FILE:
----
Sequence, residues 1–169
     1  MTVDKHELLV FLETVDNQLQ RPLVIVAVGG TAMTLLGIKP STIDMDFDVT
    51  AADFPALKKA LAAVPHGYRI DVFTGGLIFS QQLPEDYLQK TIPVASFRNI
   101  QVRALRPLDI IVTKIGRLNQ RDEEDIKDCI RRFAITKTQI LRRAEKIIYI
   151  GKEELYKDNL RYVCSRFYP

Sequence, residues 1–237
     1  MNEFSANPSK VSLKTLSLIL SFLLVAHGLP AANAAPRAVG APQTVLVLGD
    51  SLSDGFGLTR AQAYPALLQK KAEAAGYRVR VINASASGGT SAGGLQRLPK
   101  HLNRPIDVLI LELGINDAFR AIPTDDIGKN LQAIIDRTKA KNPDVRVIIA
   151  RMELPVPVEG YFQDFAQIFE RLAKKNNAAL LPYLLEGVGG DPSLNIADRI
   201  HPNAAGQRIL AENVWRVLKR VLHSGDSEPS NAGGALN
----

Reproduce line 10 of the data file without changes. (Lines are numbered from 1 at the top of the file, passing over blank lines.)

   151  RMELPVPVEG YFQDFAQIFE RLAKKNNAAL LPYLLEGVGG DPSLNIADRI